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Alex Dumortier, CFA, has no beneficial interest in any of the companies mentioned in this article. Try any of our Foolish newsletters today, free for 30 days. Motley Fool has a disclosure policy.


Read/Post Comments (10) | Recommend This Article (8)

Comments from our Foolish Readers

Help us keep this a respectfully Foolish area! This is a place for our readers to discuss, debate, and learn more about the Foolish investing topic you read about above. Help us keep it clean and safe. If you believe a comment is abusive or otherwise violates our Fool's Rules, please report it via the Report this Comment Report this Comment icon found on every comment.

  • Report this Comment On December 07, 2009, at 2:52 PM, megabuc wrote:

    CITIBANK IS DONE ND HAS BEEN CLOSED BY THE FED.

  • Report this Comment On December 07, 2009, at 3:07 PM, rico102st wrote:

    bank has a time to pay back tarp ,just like they like thier mortgage payments on time or they want to foreclose . let the people forclose on banks.

  • Report this Comment On December 07, 2009, at 3:11 PM, lef39 wrote:

    he Kuwaiti Investment Authority does things with monetary motivation only. Something is up with Citibank.

    I am not the only one who is wondering what the Kuwaiti’s know.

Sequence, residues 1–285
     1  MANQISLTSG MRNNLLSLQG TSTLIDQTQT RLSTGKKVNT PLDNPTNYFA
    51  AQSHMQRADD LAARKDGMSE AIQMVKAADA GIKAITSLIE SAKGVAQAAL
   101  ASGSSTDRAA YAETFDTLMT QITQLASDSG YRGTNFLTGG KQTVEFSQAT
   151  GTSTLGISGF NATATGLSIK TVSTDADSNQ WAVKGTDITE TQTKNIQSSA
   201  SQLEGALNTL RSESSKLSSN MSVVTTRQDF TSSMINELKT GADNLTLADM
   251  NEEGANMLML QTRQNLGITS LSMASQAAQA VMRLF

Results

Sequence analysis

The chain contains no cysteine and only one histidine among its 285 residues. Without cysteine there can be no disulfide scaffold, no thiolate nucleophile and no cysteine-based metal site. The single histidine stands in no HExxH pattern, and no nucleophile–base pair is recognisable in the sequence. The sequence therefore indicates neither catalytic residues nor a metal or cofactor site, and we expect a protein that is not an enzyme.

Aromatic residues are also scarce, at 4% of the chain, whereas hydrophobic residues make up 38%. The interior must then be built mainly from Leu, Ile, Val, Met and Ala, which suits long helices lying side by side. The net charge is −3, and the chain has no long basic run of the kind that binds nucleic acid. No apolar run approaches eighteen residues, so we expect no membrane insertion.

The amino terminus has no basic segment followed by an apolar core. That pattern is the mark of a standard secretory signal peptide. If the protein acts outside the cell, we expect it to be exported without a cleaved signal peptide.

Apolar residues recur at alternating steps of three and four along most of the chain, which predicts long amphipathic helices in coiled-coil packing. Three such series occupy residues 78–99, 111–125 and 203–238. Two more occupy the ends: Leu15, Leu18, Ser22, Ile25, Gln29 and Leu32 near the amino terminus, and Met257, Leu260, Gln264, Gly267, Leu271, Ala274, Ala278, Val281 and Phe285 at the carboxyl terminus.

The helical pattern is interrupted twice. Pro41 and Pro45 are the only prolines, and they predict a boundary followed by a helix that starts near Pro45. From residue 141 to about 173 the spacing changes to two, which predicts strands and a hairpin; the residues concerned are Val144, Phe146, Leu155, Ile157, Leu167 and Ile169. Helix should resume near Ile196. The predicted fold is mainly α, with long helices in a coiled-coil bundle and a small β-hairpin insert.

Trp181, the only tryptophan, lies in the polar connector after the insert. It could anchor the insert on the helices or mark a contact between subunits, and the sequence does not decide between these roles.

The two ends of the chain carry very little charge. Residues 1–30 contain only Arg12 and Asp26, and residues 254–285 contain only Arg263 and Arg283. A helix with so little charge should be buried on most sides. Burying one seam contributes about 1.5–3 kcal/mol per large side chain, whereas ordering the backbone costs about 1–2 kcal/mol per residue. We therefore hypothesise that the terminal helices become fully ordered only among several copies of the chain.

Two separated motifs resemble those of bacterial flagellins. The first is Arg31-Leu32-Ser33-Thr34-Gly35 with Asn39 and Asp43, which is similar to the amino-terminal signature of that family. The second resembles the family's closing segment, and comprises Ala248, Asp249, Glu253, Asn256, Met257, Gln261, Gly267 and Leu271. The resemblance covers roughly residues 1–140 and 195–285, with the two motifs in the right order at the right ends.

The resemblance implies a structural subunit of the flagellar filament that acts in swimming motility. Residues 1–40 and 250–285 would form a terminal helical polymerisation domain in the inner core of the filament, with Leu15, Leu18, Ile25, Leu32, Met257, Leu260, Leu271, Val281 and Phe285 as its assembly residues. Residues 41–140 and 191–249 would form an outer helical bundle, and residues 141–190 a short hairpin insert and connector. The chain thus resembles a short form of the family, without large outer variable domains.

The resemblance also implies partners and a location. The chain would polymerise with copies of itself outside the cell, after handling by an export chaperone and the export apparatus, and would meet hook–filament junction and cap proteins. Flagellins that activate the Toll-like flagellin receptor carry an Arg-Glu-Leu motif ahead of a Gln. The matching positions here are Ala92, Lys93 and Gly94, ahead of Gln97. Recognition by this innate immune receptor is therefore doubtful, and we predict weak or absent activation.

Let me give you an example of how business oriented the Kuwaiti’s are.

    We invaded Iraq to save the Royal Family and they were the first ones to want to be paid for oil in a currency other than the dollar.

    Their motto is “It is all business”

  • Report this Comment On December 07, 2009, at 3:12 PM, lef39 wrote:

    he Kuwaiti Investment Authority does things with monetary motivation only. Something is up with Citibank.

    I am not the only one who is wondering what the Kuwaiti’s know.

    Let me give you an example of how business oriented the Kuwaiti’s are.

    We invaded Iraq to save the Royal Family and they were the first ones to want to be paid for oil in a currency other than the dollar.

    Their motto is “It is all business”

  • Report this Comment On December 07, 2009, at 3:24 PM, TMFAleph1 wrote:

    @megabuc,

    This is nonsense -- please refrain from spreading disinformation.

    Alex Dumortier

  • Report this Comment On December 07, 2009, at 3:30 PM, TMFAleph1 wrote:

    @megabuc,

    We encourage spirited discussion in the Comments section, but what you have written is patently false -- please refrain from spreading disinformation.